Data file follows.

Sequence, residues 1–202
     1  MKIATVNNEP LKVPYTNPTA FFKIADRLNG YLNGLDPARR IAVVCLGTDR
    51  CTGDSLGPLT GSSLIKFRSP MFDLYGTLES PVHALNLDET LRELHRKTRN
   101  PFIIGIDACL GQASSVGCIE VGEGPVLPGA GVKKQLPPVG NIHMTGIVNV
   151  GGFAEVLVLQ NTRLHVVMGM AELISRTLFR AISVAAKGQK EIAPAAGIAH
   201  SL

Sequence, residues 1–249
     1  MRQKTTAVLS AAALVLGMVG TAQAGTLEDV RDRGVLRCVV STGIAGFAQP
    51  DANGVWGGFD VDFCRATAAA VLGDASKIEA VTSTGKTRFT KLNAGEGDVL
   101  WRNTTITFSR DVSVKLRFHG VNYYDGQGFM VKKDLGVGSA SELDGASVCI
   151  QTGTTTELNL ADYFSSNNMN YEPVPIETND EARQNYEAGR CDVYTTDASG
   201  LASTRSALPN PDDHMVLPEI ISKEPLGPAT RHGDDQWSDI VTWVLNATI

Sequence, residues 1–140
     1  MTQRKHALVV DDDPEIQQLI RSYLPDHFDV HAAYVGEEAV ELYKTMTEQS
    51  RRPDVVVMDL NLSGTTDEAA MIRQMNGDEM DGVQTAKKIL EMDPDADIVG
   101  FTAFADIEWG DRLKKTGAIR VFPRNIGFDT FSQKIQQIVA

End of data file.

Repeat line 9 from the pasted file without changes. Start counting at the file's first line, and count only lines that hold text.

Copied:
    51  DANGVWGGFD VDFCRATAAA VLGDASKIEA VTSTGKTRFT KLNAGEGDVL